Blagojevich stared right at me.
“Good luck keeping your integrity in your profession,” he said in a tone thick with condescension. Then, pausing for effect: “Really, good luck.”Does a man that honest about journalist belong in prison? Soon he may be free.
During appellate arguments, which I watched in December, U.S. Appeals Judge Frank Easterbrook, formerly the chief judge of the panel, grilled government attorneys on some of the basics of the case. It was almost jarring to watch justices question the very essence of charges that had been under a public microscope for five years. Easterbrook appeared incredulous after asking if prosecutors could cite “any criminal conviction in U.S. history” other than Blagojevich’s in which a politician was convicted for trying to trade one job for another.
“I’m aware of none,” responded prosecutor Debra Bonamici.
“Where is the line that differentiates legal horse-trading from a federal offense that puts you in prison?” another appeals judge, Illana Rovner, asked.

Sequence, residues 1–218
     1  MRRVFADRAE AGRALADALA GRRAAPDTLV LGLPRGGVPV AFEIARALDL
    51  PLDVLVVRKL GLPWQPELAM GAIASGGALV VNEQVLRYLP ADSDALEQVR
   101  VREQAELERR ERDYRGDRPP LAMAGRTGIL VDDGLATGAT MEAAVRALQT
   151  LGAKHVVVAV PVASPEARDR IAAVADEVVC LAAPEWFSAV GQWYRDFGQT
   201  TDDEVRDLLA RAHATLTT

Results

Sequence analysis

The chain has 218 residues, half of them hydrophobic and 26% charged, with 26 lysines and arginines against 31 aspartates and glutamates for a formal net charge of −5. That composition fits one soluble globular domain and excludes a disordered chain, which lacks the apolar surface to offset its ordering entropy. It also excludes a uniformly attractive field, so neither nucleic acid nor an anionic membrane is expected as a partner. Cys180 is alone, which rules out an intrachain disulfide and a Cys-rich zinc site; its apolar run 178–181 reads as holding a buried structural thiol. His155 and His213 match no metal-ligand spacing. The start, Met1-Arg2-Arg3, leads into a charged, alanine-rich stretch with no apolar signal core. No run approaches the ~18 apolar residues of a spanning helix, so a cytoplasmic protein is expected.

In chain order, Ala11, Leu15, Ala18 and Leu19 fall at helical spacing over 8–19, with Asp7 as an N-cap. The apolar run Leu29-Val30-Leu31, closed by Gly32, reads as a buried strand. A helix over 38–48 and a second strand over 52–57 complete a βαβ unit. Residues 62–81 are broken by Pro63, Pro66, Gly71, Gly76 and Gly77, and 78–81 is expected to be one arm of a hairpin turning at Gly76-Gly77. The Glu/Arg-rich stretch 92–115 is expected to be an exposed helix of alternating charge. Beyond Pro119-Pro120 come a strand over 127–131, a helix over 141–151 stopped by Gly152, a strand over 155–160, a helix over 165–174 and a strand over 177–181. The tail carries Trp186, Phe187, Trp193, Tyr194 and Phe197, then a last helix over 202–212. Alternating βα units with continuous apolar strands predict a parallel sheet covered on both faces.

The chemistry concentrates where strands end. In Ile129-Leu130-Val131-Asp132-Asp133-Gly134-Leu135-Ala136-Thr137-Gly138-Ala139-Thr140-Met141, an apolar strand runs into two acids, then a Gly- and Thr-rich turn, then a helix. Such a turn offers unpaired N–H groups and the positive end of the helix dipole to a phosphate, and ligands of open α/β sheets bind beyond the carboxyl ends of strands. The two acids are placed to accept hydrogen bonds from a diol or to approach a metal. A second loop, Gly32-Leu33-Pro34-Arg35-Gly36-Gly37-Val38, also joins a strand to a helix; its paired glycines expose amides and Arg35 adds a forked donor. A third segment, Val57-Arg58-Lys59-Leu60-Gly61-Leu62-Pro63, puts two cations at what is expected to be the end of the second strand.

It wasn't that cut and dried, Bonamici said. The jury concluded Blagojevich was trying to obtain more than a job. Still, it was clear the appeals judges had issues with fundamental aspects of the case.Read more: http://www.politico.com/magazine/story/2014/07/will-rod-be-spared-108478.html#ixzz36PM7BO4D
You tell me, is the following a crime?
A and B agree to form a political party. B says to A, I will give you $10,000 for your campaign if you promise to appoint me a judge, if elected. As a judge, I can rule on issues important to us.
Or, isn't this the essence of political freedom?